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Covert Modeling: Imagery-Based Rehearsal for Therapeutic Change

  • Alan E. Kazdin

Abstract

Imagery has been used rather extensively in various forms of psychotherapy, particularly in Europe (Singer, 1974; Singer and Pope, 1978). In psychoanalysis, for example, imagery and fantasy have had at least an ancillary role in the treatment process. Both Freud and Jung.employed fantasy as a basis for assessing psychological processes assumed to underlie symptomatic behaviors. Variations of psychoanalytic practice have used imagery-based procedures more extensively. For example, imagining scenes with content of psychodynamic significance has characterized psychoanalytic treatment at different points in history (e.g., Clark, 1925; Kubie, 1943; Reyher, 1963). Many other techniques spawned by analytic treatment rely hevily on imagery (Singer, 1974). Clients may be instructed to imagine standardized scenes that reflect such themes as interpersonal relationships, conflicts, and personal strivings. Alternatively, imagery can be less structured, and the client may be encouraged to engage in free-flowing imagery. In such cases, the client usually is deeply relaxed and engages in imagery construction for the entire therapy session. The therapeutic effects of guided-imagery are assumed to result either from the imagery process itself or from the psychologically significant material that imagery evokes (Desoille, 1938; Fretigny and Virel, 1968; Leuner, 1969).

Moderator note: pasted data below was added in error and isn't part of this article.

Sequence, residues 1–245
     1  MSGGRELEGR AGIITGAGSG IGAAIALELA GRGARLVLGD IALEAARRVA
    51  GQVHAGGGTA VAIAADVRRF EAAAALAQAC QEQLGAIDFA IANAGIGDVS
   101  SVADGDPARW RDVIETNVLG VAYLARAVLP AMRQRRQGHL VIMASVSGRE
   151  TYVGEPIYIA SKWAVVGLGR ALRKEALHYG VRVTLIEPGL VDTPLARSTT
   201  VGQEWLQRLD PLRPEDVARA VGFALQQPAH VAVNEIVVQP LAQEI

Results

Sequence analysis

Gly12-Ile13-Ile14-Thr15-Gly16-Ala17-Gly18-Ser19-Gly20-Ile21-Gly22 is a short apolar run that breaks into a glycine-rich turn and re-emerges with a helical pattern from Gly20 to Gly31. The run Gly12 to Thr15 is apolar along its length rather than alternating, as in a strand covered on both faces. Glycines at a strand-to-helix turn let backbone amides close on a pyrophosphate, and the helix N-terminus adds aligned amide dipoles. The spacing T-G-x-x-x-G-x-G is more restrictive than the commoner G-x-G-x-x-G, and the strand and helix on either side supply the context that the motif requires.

Keywords

Behavior Therapy Observational Learning Overt Behavior Therapeutic Change Systematic Desensitization 
These keywords were added by machine and not by the authors. This process is experimental and the keywords may be updated as the learning algorithm improves.

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Copyright information

© Plenum Press, New York 1986

Authors and Affiliations

  • Alan E. Kazdin
    • 1
  1. 1.Western Psychiatric Institute and ClinicUniversity of Pittsburgh School of MedicineUSA

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